A bill to expand the spring turkey season while shrinking the statewide gobbler limit did not pass during the regular session of the South Carolina Legislature and, since 2014 was the second year of a two-year session, it must be reintroduced next year.
Although the legislation will have to go through the entire process again, supporters believe it will have a strong chance of passage in the 2015 legislative session.
“We worked really hard on it, but our turkey bill kind of took a nosedive at the end of the session,” said Emily Cope, deputy director of wildlife and freshwater fisheries for the S.C. Department of Natural Resources.
While the bill failed to be brought up for a final vote on the last day of the legislative session, Cope said it has tremendous support, both in the legislature and among turkey hunters, and it will be one of the agency's top legislative priorities in 2015.
The bill introduced by Sen. Chip Campsen (R-Charleston) would have standardized the statewide spring turkey season to run March 20-May 5, while reducing the season limit from five to three gobblers. The bill would have cost hunters on private lands in Game Zone 6 one day, while hunters in the other 34 counties and on Wildlife Management Areas would gain 17 days.
The legislation would have established a new statewide season to run March 20-May 5 while reducing the season limit from five male turkeys to three gobblers. Currently, the statewide gobbler season runs April 1-May 1 with the exception of private lands in Game Zone 6.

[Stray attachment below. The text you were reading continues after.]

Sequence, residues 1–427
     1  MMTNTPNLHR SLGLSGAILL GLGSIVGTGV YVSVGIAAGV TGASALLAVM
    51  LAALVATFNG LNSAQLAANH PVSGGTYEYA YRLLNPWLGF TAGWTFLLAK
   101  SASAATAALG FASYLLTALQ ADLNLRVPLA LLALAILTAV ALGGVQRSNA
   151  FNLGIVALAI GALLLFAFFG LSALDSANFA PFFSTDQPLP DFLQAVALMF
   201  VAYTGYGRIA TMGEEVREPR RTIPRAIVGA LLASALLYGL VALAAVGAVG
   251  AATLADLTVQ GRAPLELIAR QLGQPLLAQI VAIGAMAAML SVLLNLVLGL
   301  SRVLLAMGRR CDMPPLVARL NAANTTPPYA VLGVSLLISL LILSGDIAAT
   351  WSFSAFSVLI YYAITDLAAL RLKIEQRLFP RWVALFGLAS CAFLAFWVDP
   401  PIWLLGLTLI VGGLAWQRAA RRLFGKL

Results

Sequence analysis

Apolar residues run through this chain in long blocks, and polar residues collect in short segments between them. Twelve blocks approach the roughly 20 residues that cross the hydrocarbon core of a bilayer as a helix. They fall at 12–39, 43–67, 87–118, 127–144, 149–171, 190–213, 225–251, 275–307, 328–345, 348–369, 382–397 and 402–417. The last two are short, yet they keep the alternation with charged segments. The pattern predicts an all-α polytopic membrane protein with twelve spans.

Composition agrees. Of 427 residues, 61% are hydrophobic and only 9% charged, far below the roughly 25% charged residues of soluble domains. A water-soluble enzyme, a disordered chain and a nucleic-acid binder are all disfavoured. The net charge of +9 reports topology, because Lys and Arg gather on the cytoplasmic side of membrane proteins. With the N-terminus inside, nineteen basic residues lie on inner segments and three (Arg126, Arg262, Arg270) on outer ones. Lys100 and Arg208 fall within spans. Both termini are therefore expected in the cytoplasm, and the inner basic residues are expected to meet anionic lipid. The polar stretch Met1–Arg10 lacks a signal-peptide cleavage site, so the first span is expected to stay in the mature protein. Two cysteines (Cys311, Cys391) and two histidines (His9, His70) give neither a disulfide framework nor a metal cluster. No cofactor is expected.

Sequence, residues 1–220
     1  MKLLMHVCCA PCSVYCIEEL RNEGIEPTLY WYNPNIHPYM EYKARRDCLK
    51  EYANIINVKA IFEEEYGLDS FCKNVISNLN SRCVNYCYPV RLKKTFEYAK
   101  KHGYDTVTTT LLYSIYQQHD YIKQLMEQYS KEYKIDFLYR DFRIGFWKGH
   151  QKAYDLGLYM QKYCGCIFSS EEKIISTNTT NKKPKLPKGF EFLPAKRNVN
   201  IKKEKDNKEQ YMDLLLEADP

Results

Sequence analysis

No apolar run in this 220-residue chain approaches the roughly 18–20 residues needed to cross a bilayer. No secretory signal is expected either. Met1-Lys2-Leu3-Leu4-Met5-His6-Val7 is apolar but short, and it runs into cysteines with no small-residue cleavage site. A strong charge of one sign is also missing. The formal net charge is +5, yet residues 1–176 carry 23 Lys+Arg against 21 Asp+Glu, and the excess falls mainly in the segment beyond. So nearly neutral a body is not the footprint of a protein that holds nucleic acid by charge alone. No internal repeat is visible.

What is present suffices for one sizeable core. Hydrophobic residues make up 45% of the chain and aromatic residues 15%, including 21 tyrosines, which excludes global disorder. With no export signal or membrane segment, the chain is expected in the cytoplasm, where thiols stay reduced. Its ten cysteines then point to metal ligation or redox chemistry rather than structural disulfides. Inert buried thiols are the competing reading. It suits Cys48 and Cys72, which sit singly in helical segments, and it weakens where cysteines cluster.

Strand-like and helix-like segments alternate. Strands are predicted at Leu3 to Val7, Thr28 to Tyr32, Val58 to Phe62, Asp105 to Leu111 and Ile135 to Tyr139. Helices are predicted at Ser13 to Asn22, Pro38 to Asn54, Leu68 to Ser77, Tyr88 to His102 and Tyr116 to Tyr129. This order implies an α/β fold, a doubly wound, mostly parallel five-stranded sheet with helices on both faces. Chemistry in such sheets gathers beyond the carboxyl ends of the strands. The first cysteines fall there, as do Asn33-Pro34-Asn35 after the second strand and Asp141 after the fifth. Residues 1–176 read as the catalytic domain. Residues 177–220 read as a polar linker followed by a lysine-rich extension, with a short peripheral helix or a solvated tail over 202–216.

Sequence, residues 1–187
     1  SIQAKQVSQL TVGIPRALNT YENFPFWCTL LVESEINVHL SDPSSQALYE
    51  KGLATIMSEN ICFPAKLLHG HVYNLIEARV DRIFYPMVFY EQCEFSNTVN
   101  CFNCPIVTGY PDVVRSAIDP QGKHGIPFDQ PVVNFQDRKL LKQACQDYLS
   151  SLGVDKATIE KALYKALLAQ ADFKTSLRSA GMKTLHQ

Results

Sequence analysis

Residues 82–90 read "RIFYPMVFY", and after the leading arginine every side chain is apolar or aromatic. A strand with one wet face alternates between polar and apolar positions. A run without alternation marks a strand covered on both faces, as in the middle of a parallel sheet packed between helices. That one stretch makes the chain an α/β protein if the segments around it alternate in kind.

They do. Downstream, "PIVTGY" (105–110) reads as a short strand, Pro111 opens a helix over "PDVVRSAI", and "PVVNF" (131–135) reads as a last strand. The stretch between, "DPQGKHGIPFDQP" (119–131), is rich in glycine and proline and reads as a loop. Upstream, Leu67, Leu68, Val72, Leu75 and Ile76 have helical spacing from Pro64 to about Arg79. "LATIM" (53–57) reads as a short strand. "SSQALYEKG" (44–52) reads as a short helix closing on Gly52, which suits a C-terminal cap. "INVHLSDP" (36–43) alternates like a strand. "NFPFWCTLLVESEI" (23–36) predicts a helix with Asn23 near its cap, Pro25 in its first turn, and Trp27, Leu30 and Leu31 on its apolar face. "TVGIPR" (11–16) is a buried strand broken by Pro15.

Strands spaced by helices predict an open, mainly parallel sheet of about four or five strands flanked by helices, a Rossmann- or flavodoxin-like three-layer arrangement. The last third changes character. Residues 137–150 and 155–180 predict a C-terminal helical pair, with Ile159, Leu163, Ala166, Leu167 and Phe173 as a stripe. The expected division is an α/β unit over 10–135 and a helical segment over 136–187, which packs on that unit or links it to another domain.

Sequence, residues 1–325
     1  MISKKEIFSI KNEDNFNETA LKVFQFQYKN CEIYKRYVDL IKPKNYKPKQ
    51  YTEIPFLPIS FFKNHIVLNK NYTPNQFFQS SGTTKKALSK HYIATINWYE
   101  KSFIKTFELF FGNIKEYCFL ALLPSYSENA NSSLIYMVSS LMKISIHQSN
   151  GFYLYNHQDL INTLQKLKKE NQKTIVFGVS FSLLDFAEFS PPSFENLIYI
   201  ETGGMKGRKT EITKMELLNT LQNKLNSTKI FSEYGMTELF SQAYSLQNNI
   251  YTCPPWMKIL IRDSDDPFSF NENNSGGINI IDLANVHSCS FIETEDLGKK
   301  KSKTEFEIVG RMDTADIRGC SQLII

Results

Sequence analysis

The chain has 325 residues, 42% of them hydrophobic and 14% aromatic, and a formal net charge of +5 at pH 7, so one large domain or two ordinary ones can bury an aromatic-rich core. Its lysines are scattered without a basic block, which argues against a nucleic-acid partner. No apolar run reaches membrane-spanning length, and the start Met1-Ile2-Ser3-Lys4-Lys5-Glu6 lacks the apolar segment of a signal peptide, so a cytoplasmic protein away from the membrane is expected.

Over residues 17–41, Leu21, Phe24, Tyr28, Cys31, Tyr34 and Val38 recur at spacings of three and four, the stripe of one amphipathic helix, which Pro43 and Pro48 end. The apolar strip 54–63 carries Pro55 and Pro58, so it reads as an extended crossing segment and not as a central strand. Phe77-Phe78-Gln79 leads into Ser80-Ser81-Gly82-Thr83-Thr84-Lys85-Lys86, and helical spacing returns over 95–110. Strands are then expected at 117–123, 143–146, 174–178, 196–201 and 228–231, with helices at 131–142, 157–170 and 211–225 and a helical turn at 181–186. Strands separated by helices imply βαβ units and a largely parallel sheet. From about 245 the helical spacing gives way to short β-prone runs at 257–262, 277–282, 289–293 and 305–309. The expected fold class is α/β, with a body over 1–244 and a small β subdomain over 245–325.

The legislation also would have:
• Allowed hunters to take a fourth gobbler by archery means with a special archery tag.
• Designated the Saturday before March 20 each year as South Carolina Youth Turkey Hunting Day.
• Increased the maximum fine for illegally taking or attempting to take a wild turkey from $100 to $500 and require a person convicted to also reimburse the agency up to $500 for each illegally harvested turkey.
• Allowed SCDNR to promulgate emergency regulations when necessary to control the harvest of wild turkeys.
Campsen's bill passed three favorable votes in the Senate and was sent to the House, where it was approved, nut with amendments. The major House amendment would have set a sunset provision after three years and require SCDNR to complete studies on how well the changes worked before it could be made into permanent law.
Almost everyone expected the Senate to vote favorably on the bill, with the House amendments, but Sen. Shane Martin (R-Spartanburg), sought some adjustments to the bill, and the Senate simply ran out of time, Cope said.
“We thought it was going to happen, and we were very, very close. We have a lot of support. There are a lot of people who want to see this done,” she said. “We've talked with people who have to work all week and can't take time off to turkey hunt. This gives them another Saturday to hunt. They like that extra opportunity.”